Saturday, December 29, 2007

Why vi: The programmers' true editor

--- Update Thu 01/21/2016 ---
I have been getting quite a few (actually a lot of) hits on this 9-yr old post. The post that linked it didn't do it in the right spirit, the author, she clearly didn't read the post even a little bit and blindly linked it to her blog going only by the URL! So I want to clear the air for my readers here. Just so you don't continue reading with the wrong mindset of:
"This Shaolin a__hole thinks he's a great programmer because he uses ancient vim; and he thinks whoever doesn't, is a loser!"
Rather, really the one and only intent of this post is to put you in the mind-frame of
"Let me read why vi is a really great editor & why it's worth learning vi!"
If you continue with the intended motive of this post, you will have learned something about an editor you don't often hear much about anymore.
--- End Update ---
This is one of the topics I promised to post on... why *every* true programmer must use vim!
Note: hereafter, I'll use vi and vim interchangeably, and mention of one should implicitly mean the other as well. Additionally, when I say vi, I usually exclude the more exotic variants and derivatives of vi. Also, this post is more about conceptual consistency rather than technical accuracy.
All this is out of my personal experience and taste for things that are simple, elegant, and yet powerful and usable. Besides, I would say that you have to be completely insane and out of your senses should you ever use any editor on Unix systems other than vi and emacs (and sam).

This post is _not_ for people who:
  • are not serious programmers
  • are not touch-typists
  • hate the world of pure-n-plain text
  • don't have to type much in their lives
  • last but not least hate length, get off the post if you are not in a mood to read lengthy stuff
In contrast, this post _is_ for the people who:
  • are serious about programming
  • are Unix nerds or are budding unix nerds
  • care about being efficient
  • want to improve their efficiency at programming
  • want to make vi way of their lives!
After using vi only for about a decade I have come to believe that vi makes any other editor (if you will call them editors at all!) like kindergarten toys!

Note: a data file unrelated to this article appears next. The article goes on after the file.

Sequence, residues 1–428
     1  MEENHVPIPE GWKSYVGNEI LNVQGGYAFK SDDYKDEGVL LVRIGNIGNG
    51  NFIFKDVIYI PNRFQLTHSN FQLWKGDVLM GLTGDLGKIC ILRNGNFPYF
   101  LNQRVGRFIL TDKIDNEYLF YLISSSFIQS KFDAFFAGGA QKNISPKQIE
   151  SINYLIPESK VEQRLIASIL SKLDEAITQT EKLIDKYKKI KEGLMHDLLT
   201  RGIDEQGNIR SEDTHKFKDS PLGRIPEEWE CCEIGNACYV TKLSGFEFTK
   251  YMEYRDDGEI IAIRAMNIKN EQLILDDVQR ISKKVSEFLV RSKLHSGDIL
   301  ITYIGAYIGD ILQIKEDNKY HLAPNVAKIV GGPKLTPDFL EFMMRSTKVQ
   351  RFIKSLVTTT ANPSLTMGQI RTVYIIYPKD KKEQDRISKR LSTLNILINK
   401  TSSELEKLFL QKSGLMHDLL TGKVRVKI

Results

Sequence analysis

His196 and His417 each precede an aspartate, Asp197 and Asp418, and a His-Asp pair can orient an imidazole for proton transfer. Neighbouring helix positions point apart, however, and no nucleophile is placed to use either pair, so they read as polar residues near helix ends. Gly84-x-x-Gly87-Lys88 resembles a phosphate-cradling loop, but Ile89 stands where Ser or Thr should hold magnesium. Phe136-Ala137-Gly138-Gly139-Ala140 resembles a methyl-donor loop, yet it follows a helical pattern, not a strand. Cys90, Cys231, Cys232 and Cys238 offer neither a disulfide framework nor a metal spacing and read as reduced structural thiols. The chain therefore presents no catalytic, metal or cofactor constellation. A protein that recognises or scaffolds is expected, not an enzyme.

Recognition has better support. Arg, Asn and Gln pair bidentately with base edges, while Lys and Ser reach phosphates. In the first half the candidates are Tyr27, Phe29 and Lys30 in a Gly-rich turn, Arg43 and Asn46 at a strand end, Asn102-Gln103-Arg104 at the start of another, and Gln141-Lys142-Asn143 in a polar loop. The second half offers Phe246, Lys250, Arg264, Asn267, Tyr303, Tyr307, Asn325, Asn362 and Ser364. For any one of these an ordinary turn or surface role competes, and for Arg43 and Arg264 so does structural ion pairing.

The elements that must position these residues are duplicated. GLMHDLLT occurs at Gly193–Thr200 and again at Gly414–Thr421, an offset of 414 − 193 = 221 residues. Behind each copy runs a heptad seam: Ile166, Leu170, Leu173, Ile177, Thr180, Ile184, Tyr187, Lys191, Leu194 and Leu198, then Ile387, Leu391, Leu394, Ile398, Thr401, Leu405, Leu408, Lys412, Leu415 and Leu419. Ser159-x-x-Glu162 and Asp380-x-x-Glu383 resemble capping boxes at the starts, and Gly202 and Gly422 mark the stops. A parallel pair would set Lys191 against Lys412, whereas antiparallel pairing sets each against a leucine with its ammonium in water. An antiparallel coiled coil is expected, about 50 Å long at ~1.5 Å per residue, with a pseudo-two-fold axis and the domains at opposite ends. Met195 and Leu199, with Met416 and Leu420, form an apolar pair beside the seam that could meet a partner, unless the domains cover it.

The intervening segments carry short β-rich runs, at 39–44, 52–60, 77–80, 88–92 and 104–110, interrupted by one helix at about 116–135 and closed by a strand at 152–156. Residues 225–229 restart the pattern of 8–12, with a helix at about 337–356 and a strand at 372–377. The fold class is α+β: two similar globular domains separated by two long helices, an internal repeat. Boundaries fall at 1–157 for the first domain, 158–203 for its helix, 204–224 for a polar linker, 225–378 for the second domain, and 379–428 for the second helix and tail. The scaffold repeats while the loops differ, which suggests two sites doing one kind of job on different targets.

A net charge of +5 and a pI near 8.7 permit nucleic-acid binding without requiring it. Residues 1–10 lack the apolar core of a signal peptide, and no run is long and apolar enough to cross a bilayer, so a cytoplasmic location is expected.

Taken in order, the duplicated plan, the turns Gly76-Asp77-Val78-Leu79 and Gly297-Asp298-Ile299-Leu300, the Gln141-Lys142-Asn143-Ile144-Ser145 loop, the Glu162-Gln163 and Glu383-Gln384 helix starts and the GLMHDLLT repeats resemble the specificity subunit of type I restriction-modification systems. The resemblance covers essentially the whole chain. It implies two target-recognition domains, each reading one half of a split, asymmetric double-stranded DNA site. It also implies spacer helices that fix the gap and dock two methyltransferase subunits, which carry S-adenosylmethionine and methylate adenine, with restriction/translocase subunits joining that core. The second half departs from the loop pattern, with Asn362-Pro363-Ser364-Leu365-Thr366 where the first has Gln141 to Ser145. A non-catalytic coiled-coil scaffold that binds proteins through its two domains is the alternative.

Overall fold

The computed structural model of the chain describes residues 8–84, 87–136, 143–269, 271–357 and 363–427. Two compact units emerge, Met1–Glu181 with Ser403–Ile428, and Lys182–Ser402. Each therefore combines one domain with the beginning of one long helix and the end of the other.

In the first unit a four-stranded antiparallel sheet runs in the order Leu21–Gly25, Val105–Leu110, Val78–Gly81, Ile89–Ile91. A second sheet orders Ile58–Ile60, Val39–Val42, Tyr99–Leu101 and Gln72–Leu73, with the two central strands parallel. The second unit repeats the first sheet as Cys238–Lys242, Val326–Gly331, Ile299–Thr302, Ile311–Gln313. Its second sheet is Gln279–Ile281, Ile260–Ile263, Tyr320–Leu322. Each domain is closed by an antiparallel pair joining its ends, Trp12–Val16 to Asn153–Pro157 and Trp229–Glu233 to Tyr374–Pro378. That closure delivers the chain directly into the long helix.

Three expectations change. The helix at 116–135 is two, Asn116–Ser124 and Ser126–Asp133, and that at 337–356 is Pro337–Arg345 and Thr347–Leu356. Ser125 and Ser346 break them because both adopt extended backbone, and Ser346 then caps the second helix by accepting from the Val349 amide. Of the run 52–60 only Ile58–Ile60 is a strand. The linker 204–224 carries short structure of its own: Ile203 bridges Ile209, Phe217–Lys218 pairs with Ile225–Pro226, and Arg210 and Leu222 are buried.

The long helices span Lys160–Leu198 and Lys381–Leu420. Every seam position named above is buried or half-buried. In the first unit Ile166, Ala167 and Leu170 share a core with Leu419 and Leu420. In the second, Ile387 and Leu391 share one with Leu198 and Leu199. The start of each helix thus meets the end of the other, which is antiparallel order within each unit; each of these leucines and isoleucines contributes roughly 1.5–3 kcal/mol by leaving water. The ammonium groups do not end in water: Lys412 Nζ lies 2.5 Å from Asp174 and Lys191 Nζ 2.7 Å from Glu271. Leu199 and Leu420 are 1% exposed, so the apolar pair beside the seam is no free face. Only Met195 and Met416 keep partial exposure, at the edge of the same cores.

It's not mere editor, vi, for me, is the way of life. It is one helluva piece of program that I look up to whenever I have to design something for usability, reliability and efficiency.

It's just like the old AK-47, simple, effective and even after decades of invention and superseded by million other advanced rifles, it remains the indisputable favorite weapon of assault!

For the morbidly interested, I guess it's fun to see how and why I myself started using vim.
I started using vim in late 90's, 1999, maybe. Back then, I used to idealize on an extravagantly hyped and sought after personality. Used emacs back then, because so did my morbid ideal. Then, I started reading books by the revered Richard Stevens (for the benefit of others, even after passing away from this sickened planet on 1st Sept 1999, he remains the undisputed BEST author of number of unix books, for beginners and advanced users alike. UNP, APUE, TCP/IP...).
Or maybe it was some other of my favorite books, I don't recall. Somewhere in the forewords or intros, I read that the book was completely written in vi and typeset using troff/TeX. That was the turning point in my life... for I haven't looked back ever since! Screw emacs (I wasn't loving it anyways, was kinda forced to use it for my desire to mimic some morbid people back then!). It was a little cumbersome (undoubtedly, far less cumbersome than emacs) but I knew I would do it! And I indeed did it! And so can you.

For those who don't have a clue what is vi, simply put, vi is a program that lets us the mortal programmers (not coders!) edit files on a computer, not only to write exotic and fancy obscure programs, but also lovely, lucid and romantic love letters ;-)

The first time you type vi on the shell and wait for the magic to begin... you are greatly disgusted! Holy sh_t! Where did all the 'File, Edit, ...' menus go??? All you get is a simple welcome banner and black background. What is this, some kind of charity soliciting freeware or something.